Moose Police Get out of My Dreams

Well the Moose-Pen is not dead yet as I still found some Moose to blog about, and I though I was so close.

On thing that really bugs me about Perl is the fact you can have a lovely interface like this

my $thingy = $object->get_some_thing();
$object->set_some_thing(“Not my thing”);

and then some smarty-pants RFB comes by and does this

  my $thingy = $object->{some_thing};
  $object->{some_thing} = 'Not my thing';
Anyone who ever comes from a OO background say in Java or even C# usually can be heard screaming into the halls of a Perl shop cursing the very day Larry said “let's create some disruption” and have 'c' with types.

Well lets not say every one who come fror the OO world to Perl has this reaction. I still remember playing with Stack peek and and if memory servers me correctly push. I did piss a few of the Java guys off by using that little gem every once and a while as a shortcut.

Anyway back to Perl as most of us know the OO part of Perl is largely an afterthought stuck in there to most likely solve a problem someone was working on at the time. So you will allays will be able to get back to Perl's script roots thought this back door.

Now one of the reasons for choosing Accessor is that is offers the opportunity to have a very tight coding window around your Data Base. You can lock the DB down access to only what you want without all the overhead of an Authorization system.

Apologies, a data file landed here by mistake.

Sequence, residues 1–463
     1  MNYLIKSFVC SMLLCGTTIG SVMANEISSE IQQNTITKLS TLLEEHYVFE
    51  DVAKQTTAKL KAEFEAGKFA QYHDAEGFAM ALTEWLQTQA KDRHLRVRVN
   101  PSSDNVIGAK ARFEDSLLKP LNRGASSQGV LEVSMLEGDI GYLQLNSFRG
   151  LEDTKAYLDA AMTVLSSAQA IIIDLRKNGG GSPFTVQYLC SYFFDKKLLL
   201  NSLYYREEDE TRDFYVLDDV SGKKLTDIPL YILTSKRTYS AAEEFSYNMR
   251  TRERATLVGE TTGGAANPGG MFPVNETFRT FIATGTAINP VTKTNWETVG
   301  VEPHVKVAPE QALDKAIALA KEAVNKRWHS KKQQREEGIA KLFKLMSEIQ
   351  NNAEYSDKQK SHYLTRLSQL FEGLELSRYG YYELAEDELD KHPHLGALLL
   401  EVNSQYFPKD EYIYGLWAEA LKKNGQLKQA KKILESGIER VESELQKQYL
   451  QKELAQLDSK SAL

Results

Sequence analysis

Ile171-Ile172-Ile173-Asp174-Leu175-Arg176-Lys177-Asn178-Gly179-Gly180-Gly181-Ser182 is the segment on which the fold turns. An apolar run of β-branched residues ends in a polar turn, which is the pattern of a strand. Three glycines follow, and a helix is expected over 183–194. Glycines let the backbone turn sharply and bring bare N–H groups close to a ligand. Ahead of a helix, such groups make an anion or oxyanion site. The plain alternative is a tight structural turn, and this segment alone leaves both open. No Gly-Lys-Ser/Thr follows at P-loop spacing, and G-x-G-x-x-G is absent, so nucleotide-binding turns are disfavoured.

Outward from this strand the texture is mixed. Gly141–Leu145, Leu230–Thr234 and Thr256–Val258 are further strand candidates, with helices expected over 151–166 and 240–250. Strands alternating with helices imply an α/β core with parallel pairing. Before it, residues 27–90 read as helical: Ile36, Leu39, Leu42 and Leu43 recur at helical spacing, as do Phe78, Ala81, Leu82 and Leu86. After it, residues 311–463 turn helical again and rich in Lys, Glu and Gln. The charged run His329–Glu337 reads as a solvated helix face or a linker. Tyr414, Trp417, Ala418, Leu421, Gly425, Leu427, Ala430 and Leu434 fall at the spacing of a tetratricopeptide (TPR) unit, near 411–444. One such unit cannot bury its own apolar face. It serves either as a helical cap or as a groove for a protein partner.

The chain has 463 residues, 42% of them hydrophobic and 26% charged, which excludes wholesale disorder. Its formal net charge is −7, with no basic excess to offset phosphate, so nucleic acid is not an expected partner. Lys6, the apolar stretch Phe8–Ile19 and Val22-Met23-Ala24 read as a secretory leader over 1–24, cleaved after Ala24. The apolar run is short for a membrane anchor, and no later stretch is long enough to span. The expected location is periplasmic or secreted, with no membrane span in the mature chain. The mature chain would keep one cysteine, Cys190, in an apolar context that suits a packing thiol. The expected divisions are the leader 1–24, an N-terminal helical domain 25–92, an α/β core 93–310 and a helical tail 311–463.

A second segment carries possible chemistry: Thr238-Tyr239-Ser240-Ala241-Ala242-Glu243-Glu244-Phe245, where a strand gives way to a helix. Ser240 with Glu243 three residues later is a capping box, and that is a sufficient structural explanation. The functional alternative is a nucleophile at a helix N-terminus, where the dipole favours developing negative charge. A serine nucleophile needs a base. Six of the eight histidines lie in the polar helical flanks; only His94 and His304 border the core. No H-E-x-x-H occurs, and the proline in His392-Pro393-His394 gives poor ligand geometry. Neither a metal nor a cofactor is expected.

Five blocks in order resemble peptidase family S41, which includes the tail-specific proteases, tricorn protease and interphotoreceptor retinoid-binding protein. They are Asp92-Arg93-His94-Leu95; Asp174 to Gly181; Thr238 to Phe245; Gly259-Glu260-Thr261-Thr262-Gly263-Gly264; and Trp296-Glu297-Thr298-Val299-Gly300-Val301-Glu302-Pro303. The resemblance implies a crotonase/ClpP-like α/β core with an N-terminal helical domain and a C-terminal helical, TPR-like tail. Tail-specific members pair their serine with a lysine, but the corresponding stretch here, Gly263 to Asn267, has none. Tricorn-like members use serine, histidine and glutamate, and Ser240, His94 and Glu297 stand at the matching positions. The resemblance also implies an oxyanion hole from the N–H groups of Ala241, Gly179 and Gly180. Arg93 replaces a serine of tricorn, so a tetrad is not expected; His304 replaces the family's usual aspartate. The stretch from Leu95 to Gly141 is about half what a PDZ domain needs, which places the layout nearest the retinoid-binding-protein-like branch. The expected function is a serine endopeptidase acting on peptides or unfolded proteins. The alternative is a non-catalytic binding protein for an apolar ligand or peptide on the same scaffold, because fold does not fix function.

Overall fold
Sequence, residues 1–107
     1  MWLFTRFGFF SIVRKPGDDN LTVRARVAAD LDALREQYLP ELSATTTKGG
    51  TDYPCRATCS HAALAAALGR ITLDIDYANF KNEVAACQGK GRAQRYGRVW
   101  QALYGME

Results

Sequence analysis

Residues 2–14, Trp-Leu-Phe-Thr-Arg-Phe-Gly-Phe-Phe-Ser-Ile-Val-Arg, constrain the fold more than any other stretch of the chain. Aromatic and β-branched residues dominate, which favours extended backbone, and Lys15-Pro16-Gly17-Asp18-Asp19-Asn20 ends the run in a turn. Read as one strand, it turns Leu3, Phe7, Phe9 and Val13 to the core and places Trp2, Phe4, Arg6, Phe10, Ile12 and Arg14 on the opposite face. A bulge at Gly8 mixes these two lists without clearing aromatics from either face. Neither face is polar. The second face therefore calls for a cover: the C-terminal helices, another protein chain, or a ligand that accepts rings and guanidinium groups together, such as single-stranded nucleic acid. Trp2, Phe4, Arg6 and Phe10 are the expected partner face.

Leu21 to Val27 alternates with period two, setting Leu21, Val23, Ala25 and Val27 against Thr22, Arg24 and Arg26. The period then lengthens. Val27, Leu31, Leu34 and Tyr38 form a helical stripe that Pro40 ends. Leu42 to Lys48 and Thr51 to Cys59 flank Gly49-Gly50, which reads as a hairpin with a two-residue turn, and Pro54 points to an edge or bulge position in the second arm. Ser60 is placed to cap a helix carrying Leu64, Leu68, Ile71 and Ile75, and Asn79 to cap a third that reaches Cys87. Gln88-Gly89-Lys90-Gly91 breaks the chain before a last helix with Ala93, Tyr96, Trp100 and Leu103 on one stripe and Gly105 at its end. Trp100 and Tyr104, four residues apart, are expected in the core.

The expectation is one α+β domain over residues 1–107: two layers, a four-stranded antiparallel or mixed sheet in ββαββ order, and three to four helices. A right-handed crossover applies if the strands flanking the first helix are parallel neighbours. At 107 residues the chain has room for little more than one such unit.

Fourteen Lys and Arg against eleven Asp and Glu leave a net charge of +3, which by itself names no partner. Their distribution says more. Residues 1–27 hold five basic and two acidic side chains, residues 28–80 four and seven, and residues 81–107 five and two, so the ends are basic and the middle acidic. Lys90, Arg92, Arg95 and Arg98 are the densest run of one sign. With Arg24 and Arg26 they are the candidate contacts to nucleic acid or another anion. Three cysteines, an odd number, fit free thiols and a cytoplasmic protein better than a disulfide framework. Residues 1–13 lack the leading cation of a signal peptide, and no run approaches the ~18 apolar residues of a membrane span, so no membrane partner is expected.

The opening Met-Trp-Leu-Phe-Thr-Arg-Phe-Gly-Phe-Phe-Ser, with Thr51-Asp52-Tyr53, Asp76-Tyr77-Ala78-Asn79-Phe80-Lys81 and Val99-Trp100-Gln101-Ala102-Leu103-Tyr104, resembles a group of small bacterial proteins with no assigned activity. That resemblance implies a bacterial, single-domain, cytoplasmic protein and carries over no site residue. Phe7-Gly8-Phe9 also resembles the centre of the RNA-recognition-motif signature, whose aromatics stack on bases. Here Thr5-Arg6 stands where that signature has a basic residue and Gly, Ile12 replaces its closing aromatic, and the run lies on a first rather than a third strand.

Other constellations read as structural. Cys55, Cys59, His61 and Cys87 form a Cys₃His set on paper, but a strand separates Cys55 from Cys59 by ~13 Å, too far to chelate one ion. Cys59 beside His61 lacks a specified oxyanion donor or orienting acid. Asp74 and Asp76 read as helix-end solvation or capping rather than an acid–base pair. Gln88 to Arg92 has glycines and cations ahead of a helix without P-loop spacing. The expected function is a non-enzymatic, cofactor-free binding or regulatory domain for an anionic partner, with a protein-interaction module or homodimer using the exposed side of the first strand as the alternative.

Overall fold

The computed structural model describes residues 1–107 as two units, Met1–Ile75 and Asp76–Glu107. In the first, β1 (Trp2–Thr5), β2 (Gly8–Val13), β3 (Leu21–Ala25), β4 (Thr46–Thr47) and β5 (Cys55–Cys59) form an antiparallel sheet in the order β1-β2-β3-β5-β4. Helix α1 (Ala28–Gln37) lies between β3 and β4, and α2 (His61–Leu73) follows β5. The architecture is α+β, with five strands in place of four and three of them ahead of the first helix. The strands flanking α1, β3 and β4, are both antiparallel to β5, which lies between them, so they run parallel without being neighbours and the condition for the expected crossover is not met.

Now the little trick you see in the first lines of this post will unravel this lock down as I could easily take a class that returns an Accessor with the 'retrieve_only' flag set. Then it is one simple line in my code to flip that to off and I can start adding records or deleted them.

Well Moose has a cure for that. I blundered upon MooseX::AccessorsOnly a few months ago and I knew I would find a use for it. Though to me I was a little weary as it has no tests little documentation or examples and the creator openly warns you the code it slow. No speed in not an issue for Accessor as the DB end will always be the slowest part and despite not tests or docs it was easy to figure out so onward and upward.

What this MooseX does it call a function each time an underlying Perl variable that has a Moose accessor associated with it is modified or accessed. The first thing to do is add;

use MooseX::MetaDescription;
++ use MooseX::AccessorsOnly;
use Carp;

to my Accessor package and then in the BUILD sub all I add is this call

my %saved = %$self;
sub {
my ( $who, $how, $what ) = @_;
"Attempt to access Database::Accessor::$what directly at $who!";
%$self = %saved;

So what is going on here. I first copy my present instance state ($self) into a hash then using the tie command I bin that though to the ' MooseX::AccessorsOnly' class which does all sorts of majik in the back ins and I also pass in a sub that will be called if some-one tries to change or even access one of my Accessor attributes.

So a quick test of this lets say in 30_view.t for now

eval {
my $test = $da->{view}
if ($@){
pass("Cannot access attribute directly");
else {
fail("Cannot access attribute directly");

eval {
$da->{view} ='something';
if ($@){
pass("Cannot change attribute directly");
else {
fail("Cannot change attribute directly");

rerun my test and get

ok 3 - DAS View is correct
ok 4 - Cannot access attribute directly
ok 5 - Cannot change attribute directly
ok 6 - View is Required

And the MooseX police saves the day.


1 Comment

These articles

  • are hard to read
  • every 2nd sentence or so starts with "Well"
  • need much more punctuation
  • use profane language
  • need a table of contents
  • need better titles
  • I'm tired of Moose!!

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About byterock

user-pic Long time Perl guy, a few CPAN mods allot of work on DBD::Oracle and a few YAPC presentations